Standing Butte Ranch regenerates life through highly adaptive and profitable bison operations. We promote diverse native ecosystems, healthy and productive bison and premium quality nutritionally dense protein while providing stimulating careers for our employees.

The ranch is divided into 44-1,000 acre pastures and 33 smaller pastures.  We vary the season of use (cool season grasses, warm season grasses, dormant season, full season rest) and are working to increase rest days to 18 months.  Grazing duration is 10-15 days (long term goal of 7 days or less) and pastures are only grazed once per year.

Our goal is to increase plant species diversity, especially warm season grasses and woody shrubs. We are using tools like more animal impact for shorter durations with longer rest periods, improving grazing distribution through a combination of fencing (permanent and temporary) and water development.  In areas of concern, like excavated ground, abandoned prairie dog colonies, and historical high impact areas (horse grazing, haying etc.), we are using a combinations of bale grazing, broadcast seeding and rest to establish ground cover and/or advance ecological succession.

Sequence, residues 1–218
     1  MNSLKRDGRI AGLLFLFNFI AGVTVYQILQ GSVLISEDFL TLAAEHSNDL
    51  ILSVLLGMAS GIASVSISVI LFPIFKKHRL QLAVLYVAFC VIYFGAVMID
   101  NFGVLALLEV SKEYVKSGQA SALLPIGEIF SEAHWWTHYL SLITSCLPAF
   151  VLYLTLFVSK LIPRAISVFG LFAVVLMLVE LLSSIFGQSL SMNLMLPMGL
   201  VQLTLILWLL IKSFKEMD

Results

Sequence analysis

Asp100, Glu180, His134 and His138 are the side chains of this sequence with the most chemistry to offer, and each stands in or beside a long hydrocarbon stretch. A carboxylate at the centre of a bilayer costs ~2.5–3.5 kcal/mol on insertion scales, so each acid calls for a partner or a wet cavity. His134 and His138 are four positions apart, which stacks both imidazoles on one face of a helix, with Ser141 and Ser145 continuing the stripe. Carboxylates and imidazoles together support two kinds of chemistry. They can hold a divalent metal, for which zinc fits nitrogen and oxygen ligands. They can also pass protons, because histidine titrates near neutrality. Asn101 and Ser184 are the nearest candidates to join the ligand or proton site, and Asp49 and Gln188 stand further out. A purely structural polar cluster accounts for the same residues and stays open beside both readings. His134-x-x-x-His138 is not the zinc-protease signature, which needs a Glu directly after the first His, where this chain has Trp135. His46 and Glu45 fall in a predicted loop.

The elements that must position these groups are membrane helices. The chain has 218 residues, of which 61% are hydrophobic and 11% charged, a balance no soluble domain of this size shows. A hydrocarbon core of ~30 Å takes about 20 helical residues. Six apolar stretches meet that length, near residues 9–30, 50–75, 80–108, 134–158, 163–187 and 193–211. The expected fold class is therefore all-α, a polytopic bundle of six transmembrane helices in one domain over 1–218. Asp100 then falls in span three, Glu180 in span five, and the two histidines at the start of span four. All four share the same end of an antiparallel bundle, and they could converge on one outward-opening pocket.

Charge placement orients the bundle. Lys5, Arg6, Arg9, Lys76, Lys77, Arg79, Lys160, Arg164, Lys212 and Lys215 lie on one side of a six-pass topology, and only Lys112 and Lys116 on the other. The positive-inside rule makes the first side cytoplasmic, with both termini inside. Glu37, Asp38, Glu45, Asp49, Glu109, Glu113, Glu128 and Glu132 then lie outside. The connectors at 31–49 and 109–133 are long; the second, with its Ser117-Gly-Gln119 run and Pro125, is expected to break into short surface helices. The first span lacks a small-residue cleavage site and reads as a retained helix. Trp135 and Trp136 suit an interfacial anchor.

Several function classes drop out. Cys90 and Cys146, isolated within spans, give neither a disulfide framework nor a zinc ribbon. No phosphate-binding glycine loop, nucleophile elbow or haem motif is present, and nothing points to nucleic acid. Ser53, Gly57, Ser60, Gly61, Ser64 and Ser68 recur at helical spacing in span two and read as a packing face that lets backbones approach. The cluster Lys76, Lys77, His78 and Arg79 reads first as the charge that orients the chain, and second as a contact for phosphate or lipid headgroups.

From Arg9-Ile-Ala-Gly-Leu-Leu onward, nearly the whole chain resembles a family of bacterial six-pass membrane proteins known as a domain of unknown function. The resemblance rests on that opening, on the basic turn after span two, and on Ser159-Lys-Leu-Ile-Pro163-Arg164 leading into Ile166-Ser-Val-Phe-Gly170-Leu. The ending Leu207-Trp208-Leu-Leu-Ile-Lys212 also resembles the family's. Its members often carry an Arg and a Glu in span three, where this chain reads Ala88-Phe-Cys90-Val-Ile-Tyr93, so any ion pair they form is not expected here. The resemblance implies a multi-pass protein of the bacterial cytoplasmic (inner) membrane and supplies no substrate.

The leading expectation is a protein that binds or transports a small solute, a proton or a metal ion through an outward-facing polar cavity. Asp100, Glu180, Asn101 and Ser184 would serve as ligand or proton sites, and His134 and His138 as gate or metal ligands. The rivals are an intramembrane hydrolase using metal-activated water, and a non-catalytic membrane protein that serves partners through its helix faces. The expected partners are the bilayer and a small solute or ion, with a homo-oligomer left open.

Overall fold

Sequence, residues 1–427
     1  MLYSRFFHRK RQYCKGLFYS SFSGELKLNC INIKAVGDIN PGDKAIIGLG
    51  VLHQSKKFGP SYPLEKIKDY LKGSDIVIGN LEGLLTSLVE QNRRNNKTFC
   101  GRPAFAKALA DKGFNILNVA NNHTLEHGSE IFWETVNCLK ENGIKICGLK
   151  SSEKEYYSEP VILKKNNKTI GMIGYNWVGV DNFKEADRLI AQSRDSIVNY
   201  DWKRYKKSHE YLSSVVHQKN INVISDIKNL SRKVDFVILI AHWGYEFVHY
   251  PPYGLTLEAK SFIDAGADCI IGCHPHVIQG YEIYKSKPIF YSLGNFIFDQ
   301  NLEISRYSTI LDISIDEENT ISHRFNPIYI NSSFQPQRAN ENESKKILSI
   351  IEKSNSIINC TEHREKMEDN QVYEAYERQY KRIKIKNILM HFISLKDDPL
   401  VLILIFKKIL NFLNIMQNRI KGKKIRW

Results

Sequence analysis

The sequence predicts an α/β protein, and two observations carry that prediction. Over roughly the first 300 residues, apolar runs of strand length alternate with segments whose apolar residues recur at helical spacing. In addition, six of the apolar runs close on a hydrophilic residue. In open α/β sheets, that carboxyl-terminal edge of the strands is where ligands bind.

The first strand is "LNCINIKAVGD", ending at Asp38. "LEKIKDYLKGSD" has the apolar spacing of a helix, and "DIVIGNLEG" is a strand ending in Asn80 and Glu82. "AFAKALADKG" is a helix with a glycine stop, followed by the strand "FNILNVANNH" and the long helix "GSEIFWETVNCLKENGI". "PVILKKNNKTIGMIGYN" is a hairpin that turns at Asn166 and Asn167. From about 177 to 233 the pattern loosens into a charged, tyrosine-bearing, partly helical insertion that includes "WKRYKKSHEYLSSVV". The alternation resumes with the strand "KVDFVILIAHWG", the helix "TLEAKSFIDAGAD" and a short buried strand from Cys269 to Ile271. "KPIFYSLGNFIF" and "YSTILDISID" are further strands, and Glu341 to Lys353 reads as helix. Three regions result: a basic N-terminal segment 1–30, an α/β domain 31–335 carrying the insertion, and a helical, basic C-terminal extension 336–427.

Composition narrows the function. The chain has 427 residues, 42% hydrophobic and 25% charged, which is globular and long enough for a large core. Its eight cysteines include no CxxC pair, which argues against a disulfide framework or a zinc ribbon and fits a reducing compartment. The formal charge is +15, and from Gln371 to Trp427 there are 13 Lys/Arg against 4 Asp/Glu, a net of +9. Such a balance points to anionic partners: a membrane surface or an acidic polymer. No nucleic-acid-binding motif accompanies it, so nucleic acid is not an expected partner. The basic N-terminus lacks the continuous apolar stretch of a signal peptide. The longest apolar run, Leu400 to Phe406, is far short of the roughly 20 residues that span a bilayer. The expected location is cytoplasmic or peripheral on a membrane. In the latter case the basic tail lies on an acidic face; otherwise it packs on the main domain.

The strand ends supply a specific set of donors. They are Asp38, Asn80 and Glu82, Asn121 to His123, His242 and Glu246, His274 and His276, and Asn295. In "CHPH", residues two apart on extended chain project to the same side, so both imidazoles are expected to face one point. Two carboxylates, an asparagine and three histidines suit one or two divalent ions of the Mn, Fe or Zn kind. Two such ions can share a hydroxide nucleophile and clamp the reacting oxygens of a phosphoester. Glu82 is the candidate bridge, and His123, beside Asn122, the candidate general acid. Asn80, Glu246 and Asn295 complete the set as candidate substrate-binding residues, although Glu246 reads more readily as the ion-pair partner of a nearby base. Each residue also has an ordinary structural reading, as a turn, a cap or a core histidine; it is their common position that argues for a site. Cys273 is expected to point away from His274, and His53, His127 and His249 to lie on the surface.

The balance of conservation and commerce provides a foundation for our ranch management.  We value low stress stockmanship because we have a genuine concern for the safety and well-being of our team and animals.  We are innovative and welcome trying new ideas while openly sharing our successful outcomes and failed experiments.

Bison on Turner Ranches
Bison at Turner Ranches
Bison grazing


Dr. Allen Williams

Dr. Allen Williams

Frenando Falomir

Fernando Falomir

Gabe Brown

Gabe Brown

Classroom Location

312 Island Dr.
Fort Pierre, SD 57532

Farm Location

Bad River Ranch and Standing Butte Ranch

Hotel Information

AmericInn by Wyndham Fort Pierre
312 Island Dr,
Fort Pierre, SD 57532

Room block released 6/24/24 $139.99

Closest Airport

Pierre Regional Airport (PIR)
3800 Airport Rd #209
Pierre, SD 57501
(605) 773-7447

Scroll to Top